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|Studio album by Happy Mondays|
|Released||22 September 1992|
|Label||Factory - FACT 420|
|Producer||Chris Frantz, Tina Weymouth|
|Happy Mondays chronology|
Yes Please! was the last studio album that the British band Happy Mondays recorded before leaving Factory Records. Generally seen as their poorest work, it was released in 1992 and was produced by Chris Frantz and Tina Weymouth of Talking Heads. The album is most famous for driving independent label Factory Records to bankruptcy, having cost too much to record.
It is reasoned by many, including Shaun Ryder in his autobiography, that one of the reasons for the album's failure was the change of producer between the third album, 1990's Pills 'n' Thrills and Bellyaches and this one. Paul Oakenfold, the third album's producer was unavailable to produce Yes Please! The new production team, Chris Frantz and Tina Weymouth, drastically changed the band's sound from that of the previous album. Whilst before, Happy Mondays' sound had been grounded in a fusion of Rock and Acid House music, here it was changed to a more out-of-date style of '80s synthpop combined with Caribbean influences.
While the band had previously enjoyed almost universal critical approval for their music, the change of sound on this album garnered a huge critical backlash against the band. According to New Order's Peter Hook, the album sold only a thousand copies.
Recording in Barbados
The band along with their families went to Barbados to record the album. It was recorded in the studio at Eddy Grant's house, where they bumped into Mick Jagger on a few occasions, who was staying nearby. This trip was nothing short of a disaster; although the band were sent there so that Shaun Ryder and his brother would not take heroin, they ended up taking crack cocaine. Shaun Ryder did bring enough methadone to last him for four weeks, but inadvertently smashed the case at Manchester Airport. After running out of money, they then took extreme measures such as selling the furniture from Eddy Grant's studio (to fund the drugs) and creating "crack dens" out of sun-loungers in Eddy's own swimming pool. Bez ended up breaking his arm after overturning a hire car, while Shaun had failed to write any lyrics.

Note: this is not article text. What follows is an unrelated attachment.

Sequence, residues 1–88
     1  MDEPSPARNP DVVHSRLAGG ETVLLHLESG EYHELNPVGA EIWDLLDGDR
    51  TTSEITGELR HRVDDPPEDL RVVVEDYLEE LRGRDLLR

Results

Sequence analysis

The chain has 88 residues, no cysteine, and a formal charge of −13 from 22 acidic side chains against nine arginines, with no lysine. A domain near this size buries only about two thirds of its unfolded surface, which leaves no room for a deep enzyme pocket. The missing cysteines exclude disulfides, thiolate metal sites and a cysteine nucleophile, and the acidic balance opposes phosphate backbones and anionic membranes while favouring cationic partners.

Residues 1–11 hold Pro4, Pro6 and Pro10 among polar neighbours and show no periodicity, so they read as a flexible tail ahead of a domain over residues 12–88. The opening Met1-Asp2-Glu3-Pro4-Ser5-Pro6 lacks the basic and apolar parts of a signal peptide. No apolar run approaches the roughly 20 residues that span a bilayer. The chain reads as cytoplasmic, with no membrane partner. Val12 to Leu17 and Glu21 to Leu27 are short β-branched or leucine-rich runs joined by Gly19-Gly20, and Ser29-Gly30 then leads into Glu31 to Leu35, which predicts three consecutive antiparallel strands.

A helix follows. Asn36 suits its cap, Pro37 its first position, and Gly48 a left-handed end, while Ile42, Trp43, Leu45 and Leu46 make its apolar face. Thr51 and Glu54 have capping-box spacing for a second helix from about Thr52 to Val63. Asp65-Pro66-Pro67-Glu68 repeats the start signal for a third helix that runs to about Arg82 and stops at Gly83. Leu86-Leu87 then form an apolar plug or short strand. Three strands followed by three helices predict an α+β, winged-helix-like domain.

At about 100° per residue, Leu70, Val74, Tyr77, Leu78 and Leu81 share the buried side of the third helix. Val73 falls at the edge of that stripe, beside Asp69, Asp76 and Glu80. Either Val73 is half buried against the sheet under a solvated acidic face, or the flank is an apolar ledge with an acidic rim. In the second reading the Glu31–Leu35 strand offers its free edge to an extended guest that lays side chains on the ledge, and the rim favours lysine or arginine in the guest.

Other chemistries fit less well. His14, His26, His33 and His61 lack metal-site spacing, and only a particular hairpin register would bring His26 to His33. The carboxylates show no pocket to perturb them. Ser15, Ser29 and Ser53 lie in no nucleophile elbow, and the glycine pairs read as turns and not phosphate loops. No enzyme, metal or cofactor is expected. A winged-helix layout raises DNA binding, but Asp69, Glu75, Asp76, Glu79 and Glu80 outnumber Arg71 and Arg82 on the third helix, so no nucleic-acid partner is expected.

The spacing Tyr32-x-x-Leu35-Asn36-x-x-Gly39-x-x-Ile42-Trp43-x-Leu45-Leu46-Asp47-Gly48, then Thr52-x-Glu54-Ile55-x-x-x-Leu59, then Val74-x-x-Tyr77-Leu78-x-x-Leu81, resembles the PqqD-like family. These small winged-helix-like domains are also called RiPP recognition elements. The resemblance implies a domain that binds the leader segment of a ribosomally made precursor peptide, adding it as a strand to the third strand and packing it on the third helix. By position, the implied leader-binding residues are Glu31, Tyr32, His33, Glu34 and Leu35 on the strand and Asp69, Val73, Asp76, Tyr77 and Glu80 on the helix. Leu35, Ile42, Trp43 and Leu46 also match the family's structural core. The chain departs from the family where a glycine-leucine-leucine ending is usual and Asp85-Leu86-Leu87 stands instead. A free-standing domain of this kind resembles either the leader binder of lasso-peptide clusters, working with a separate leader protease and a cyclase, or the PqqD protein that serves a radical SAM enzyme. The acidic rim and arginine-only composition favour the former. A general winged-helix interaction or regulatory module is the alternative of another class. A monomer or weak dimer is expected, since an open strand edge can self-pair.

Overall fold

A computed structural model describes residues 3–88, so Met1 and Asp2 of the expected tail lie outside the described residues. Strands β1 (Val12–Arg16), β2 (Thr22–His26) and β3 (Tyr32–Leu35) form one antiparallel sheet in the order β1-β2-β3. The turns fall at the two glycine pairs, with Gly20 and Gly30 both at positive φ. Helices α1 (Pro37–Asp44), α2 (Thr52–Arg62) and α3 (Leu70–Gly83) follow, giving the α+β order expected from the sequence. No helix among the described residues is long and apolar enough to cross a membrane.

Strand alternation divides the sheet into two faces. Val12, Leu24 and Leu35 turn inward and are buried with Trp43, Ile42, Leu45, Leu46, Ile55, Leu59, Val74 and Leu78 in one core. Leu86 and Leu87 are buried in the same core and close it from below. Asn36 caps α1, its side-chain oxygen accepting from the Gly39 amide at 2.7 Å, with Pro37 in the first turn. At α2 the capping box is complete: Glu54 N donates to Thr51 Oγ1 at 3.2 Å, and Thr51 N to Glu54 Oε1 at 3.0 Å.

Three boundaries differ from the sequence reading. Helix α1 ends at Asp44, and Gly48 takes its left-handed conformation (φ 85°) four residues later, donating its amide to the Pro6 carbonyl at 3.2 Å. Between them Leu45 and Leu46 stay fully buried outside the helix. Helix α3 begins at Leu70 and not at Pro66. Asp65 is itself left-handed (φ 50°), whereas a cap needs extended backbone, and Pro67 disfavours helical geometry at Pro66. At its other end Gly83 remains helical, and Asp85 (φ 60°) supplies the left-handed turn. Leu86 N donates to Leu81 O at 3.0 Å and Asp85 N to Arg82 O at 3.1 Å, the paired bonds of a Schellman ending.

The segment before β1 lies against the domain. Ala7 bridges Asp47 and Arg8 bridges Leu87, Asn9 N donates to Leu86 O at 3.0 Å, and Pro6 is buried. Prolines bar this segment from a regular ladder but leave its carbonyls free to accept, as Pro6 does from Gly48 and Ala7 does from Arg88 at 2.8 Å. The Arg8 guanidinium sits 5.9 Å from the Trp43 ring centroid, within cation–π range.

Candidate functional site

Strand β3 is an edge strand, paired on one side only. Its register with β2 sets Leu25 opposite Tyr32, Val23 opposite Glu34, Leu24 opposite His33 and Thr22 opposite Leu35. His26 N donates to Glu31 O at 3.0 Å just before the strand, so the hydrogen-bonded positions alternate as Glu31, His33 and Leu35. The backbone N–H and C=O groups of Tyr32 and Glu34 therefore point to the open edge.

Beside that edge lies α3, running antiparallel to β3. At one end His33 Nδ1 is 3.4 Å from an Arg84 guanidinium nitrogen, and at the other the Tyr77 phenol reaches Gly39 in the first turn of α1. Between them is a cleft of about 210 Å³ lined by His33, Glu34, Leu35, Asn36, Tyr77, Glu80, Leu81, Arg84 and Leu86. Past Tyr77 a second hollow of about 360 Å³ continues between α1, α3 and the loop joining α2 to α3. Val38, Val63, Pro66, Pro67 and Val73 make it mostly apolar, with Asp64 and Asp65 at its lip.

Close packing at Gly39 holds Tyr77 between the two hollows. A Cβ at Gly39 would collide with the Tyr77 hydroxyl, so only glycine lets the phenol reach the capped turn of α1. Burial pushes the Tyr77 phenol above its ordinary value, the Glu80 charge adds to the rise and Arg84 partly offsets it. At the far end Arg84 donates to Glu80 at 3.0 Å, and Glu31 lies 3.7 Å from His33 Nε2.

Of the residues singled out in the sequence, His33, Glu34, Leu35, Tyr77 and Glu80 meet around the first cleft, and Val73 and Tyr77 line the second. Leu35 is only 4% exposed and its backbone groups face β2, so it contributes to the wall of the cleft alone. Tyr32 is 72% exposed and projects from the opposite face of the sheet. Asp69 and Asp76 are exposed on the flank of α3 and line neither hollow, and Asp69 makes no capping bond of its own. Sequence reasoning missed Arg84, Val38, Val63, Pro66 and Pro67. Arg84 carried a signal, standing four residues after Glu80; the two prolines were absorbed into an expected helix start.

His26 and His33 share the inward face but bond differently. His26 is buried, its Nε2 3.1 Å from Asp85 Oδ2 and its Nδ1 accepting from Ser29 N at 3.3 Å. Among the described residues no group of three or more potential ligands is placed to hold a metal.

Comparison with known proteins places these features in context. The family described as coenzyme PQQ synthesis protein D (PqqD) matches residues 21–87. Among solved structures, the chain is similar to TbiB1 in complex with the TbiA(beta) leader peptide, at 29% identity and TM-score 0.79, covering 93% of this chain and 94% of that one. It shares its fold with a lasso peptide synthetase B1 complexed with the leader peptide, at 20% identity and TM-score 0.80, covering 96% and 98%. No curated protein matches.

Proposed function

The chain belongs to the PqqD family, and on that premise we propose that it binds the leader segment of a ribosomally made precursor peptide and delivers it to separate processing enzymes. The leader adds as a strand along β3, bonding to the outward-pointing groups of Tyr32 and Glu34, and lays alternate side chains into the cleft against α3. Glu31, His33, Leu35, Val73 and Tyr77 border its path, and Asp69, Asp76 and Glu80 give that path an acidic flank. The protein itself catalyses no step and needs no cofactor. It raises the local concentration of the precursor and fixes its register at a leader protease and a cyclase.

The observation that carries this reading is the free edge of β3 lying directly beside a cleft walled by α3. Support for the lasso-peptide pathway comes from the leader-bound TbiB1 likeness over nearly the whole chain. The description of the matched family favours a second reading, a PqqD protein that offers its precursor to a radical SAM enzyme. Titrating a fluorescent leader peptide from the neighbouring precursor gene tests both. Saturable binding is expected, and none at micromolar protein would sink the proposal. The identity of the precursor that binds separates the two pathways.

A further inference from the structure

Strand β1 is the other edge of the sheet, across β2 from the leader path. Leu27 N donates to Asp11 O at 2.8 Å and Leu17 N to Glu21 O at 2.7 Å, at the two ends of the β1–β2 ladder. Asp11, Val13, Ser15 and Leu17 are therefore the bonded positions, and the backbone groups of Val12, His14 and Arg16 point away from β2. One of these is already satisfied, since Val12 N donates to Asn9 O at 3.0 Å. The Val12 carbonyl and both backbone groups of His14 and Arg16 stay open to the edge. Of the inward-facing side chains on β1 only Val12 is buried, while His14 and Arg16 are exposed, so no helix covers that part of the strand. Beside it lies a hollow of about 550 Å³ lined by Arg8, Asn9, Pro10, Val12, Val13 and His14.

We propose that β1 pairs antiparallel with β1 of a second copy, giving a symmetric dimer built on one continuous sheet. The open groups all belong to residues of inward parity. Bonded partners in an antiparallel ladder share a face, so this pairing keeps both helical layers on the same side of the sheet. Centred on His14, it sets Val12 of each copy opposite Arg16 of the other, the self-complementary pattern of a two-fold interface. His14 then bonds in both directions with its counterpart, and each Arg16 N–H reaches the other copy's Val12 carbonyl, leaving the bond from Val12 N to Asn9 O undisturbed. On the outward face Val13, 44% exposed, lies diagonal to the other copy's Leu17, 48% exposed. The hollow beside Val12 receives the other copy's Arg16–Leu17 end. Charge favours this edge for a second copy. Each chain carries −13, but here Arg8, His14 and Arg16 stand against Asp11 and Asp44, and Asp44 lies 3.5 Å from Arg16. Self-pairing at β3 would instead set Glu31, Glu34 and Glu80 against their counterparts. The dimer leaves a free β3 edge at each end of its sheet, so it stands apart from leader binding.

When the band returned to the UK, Shaun got hold of the master tapes for the album, threatening to destroy them if Tony Wilson and Factory Records did not cough up any money for them. When Factory did finally get hold of them (for £50), the recordings contained no vocals (since Shaun failed to write any lyrics while in Barbados), which meant the whole exercise was a waste of time and money for Factory. Shortly after the album was finally released, Factory Records was officially declared bankrupt.
On a more humorous, but bizarre note, Shaun attempted to "kidnap legendary guitarist Johnny Marr to join them on their excursion to Barbados." Marr says he was a member of Happy Mondays for "about 25 minutes".
The final song of the album, "Cowboy Dave", was written in reference to Dave Rowbotham, former guitarist of The Durutti Column who was murdered in 1991. The lyrics alluded to the group's suspicions about the circumstances of his death.
All tracks written by Happy Mondays.
- "Stinkin' Thinkin'" – 4:17
- "Monkey in the Family" – 4:41
- "Sunshine & Love" – 4:46
- "Dustman" – 3:44
- "Angel" – 5:51
- "Cut 'Em Loose Bruce" – 4:26
- "Theme From Netto" – 4:13
- "Love Child" – 5:12
- "Total Ringo" – 3:38
- "Cowboy Dave" – 7:43
- "Stinkin' Thinkin'"
- "Sunshine & Love"
- "Angel" (no release at retail)
- Chris Frantz - Producer
- Tina Weymouth - Producer
- Steven Stanley - Mixing
- Mark Roule - Recording
- Simon Machan - Programming and Sampling
- Scott Hull - Editing
- Paul Ryder - Bass Guitar
- Shaun Ryder - Vocals
- Mark Day - Guitars
- Bez - Bez
- Rowetta - Backing Vocals
- Gary Whelan - Drums
- Paul Davis - Keyboards
- Bruce Martin - Percussion
- Kermit - Additional Vocals on "Cut 'em Loose Bruce"
- Maria Carroll - cover painting
- Allmusic review
- Ryder, Shaun (17 October 2011). Twisting My Melon. Bantam Press. ISBN 0593068270.
- "Staff Lists". Pitchfork. Retrieved 11 July 2017.
- "Factory Records – The Rise And Fall of UK's Legendary Indie Label". Live4ever. Retrieved 21 November 2016.
- Johnny Marr's Happy Mondays Kidnap. 19 October 2009. Retrieved 3 February 2016 – via YouTube.
- Simmonds, Jeremy (2008). The Enciclopedia of Dead Rock Stars. Chicago Reviews Press. pp. 279–280. ISBN 1-55652-754-3.